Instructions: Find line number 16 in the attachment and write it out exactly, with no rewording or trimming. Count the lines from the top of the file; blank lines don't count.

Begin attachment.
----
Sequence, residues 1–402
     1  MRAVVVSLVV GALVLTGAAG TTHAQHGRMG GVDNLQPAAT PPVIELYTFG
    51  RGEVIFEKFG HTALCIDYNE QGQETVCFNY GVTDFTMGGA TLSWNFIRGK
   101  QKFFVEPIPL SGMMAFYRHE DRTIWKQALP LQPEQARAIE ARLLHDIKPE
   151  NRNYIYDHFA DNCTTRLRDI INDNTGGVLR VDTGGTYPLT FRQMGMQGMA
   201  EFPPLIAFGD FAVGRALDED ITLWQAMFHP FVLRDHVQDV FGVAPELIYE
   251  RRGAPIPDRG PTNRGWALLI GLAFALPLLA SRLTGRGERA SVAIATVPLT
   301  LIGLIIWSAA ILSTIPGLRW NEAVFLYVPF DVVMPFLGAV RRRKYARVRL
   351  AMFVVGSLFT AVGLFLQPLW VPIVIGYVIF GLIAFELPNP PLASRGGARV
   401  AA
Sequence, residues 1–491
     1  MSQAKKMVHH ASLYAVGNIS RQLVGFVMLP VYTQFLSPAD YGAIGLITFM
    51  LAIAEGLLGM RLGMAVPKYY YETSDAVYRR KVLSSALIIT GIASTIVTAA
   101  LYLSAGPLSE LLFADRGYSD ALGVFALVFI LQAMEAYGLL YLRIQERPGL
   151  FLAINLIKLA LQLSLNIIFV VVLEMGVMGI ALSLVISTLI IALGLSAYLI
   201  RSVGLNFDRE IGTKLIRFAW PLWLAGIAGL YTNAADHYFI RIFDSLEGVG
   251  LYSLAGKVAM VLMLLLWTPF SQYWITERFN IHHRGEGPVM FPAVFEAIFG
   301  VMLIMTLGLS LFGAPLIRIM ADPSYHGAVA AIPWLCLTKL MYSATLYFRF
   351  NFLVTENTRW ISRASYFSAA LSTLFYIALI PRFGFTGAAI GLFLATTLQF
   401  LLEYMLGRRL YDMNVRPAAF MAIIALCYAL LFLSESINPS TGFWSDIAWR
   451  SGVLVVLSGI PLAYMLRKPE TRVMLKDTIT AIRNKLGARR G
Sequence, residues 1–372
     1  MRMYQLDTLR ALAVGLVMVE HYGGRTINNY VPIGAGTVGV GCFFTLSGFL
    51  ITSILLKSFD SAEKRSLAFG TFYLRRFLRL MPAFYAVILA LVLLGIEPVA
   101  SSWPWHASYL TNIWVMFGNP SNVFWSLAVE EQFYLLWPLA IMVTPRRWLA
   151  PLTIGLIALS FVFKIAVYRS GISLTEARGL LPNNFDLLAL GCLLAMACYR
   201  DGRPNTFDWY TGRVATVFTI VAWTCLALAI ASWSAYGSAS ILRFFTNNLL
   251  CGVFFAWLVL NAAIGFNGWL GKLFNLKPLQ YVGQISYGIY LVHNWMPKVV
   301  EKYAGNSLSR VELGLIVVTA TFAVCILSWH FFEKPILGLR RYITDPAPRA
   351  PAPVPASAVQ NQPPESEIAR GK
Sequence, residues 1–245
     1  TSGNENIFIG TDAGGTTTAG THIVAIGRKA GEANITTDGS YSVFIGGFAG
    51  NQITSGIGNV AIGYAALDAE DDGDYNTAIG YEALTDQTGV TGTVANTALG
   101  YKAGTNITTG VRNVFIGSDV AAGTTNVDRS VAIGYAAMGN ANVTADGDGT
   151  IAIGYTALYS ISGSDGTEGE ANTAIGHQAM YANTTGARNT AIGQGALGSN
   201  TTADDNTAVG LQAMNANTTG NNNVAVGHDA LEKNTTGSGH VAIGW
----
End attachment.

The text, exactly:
   201  RSVGLNFDRE IGTKLIRFAW PLWLAGIAGL YTNAADHYFI RIFDSLEGVG